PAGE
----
Timothy Taylor is delighted to present a solo exhibition of paintings and works on paper by Antoni Tàpies (1923-2012) in honour of the late Catalan artist’s 100th birthday. The works, dating from 1989 to 2008, express spiritual decay and rebirth in blackened paintings that reveal the eternal. The exhibition is curated by Natasha Hébert, the artist’s daughter-in-law.
Stony canvases like thousand-year-old mountains, ragged graffiti, and archaic symbols evoking the mysterious marks of a lost ancient tribe establish Tàpies’s ferocious contributions to post-war abstraction. Prefiguring the work of Arte Povera by decades, Tàpies found meaning in the humblest grains of sand, ‘the salt of the earth’, in rough-hewn paintings that illuminate the origins of life and death in a time in which religion had lost its resonance and violence cruelly divided the European continent. Tàpies’s paintings speak poignantly to our own uneasy present under a splintered global order, and remain a powerful influence on later artists who sought to embody the spiritual emptiness unleashed by the post-war period, such as Jannis Kounellis, Anselm Kiefer, and Julian Schnabel.
The late works in this exhibition sees Tàpies return to the essential language of crosses, triangles, open books and wall-like canvases that forged his career in the mid-1950s, after a brief period as a Surrealist with a mutually influential friendship with Joan Miró. Granular materials such as mud and sand refer not only to knowledge erased by history or not fully understood, but also Tàpies’ passionate belief in the working class: The oppression of the Catalan people under Franco simmers beneath the surface. In Ona-Mar (2006), an etched silkscreen resembles a newspaper scribbled with codes, suggesting a world of hidden protest – repressed, clandestine, but full of life.
Borders and closed-off spaces signal the horizon of heaven and earth, the limits to our knowledge: In Matriu(1991), the cross symbol submerges a white canvas in graffiti spray-like black paint; the cross also appears in Quatre Parts (2008), in which black and gold squares divide the canvas into four parts. In a rare insight into his belief in the sacred image, he wrote: ‘A painting is a door that leads to another door. Art, no matter how excellent, will always be just one more manifestation of maya, of the deception at the core of everything. And the truth we seek will never be found in a painting, but will only appear behind the last door that the observer learns to open with his own strength.’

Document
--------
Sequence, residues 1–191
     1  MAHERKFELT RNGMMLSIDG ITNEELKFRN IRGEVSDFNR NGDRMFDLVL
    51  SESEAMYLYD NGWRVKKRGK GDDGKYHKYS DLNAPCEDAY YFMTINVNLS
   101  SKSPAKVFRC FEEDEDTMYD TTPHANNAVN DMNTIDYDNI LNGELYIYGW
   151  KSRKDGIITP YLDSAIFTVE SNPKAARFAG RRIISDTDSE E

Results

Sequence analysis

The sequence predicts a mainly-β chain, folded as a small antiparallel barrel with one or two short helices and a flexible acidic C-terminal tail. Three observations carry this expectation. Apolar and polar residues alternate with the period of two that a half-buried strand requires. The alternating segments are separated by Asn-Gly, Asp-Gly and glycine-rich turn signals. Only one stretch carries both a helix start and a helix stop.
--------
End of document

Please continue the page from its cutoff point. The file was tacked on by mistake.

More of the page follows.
The eternal, the artist hints, lies in a blade of grass or speck of earth, more infinite than a human life. But the greatest mysteries in his work can only be apprehended indistinctly, from a distance, with a power that lies in the heart of the observer.
Short Film | Antoni Tàpies
Unseen interview footage between Antoni Tàpies and Roland Penrose (1974) filmed by James Scott feature in this short film, created on the occasion of an exhibition of late paintings at Timothy Taylor London. Excerpts from the film, Elements of a Journey: Antoni Tàpies by James Scott © 2023. Courtesy of the filmmaker.
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